The family of Ahmaud Arbery is one step closer to getting justice for the 25-year old Black man who was shot and killed by two White men while jogging in a residential Georgia neighborhood on February 23. In an interview with CNN on Monday (May 25), S. Lee Merritt, one of the attorneys representing the family, said the U.S. Department of Justice (DOJ) is now investigating the murder as a hate crime.
According to CNN, Merritt learned about the shift in the investigation while meeting with Bobby L. Christine, the United States Attorney for the Southern District of Georgia. The news outlet so far has not been able to reach Christine for comment on the case update.
According to an incident report filed by Glynn County police, Arbery was shot after two men spotted him running in their neighborhood on a Sunday afternoon. Gregory McMichael told police that he and his adult son thought the runner matched the description of someone caught on a security camera committing a recent break-in in the neighborhood. They armed themselves with guns before getting in a truck to pursue him.
The father said his son, Travis McMichael, got out of the truck holding a shotgun, and Arbery “began to violently attack.” He said Arbery was shot as the two men fought over the shotgun, according to the police report.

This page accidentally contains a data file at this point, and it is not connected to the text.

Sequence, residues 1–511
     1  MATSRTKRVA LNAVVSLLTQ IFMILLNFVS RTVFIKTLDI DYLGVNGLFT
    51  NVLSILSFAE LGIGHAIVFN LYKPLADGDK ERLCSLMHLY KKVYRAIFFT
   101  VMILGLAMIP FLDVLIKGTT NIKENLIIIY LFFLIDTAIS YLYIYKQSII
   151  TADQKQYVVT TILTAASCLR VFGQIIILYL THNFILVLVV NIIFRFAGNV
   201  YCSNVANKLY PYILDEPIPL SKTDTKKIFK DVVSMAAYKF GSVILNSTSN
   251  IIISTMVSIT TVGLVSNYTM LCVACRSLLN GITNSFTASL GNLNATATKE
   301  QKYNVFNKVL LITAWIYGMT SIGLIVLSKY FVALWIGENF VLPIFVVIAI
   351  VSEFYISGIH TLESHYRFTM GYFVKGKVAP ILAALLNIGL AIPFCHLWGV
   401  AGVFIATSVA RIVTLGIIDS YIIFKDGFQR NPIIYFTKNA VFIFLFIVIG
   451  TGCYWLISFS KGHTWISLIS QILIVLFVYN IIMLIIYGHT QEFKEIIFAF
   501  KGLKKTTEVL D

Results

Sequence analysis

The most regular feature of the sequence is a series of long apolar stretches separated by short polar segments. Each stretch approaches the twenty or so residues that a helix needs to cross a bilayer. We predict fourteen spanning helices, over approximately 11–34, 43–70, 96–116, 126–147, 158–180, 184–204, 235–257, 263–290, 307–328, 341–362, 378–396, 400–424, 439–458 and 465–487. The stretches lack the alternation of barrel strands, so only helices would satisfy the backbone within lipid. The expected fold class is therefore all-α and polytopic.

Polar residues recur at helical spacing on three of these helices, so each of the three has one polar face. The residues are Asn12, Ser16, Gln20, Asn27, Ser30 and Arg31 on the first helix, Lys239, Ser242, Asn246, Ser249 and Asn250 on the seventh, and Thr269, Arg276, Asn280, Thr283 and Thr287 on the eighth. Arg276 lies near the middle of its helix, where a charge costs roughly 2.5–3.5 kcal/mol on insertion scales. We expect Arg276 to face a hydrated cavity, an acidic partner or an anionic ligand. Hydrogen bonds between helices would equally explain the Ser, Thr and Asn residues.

Arbery’s death caused an uproar across the country after a video of the shooting was released on May 5. Days later, Georgia Attorney General Chris Carr asked the DOJ to investigate the initial handling of this case. “A Department of Justice spokesperson confirmed earlier this month that the Civil Rights Division of the department was assessing the evidence in the case to determine whether federal hate crime charges were appropriate,” CNN reports.
Gregory and Travis McMichael were arrested on May 7 for the shooting death of Arbery. Both face felony murder and aggravated assault charges in Georgia. Last week, William "Roddie" Bryan Jr., the man who recorded Arbery’s death, was arrested on a felony murder charge, according to CNN.
Georgia is one of five states that does not have a hate crime statute.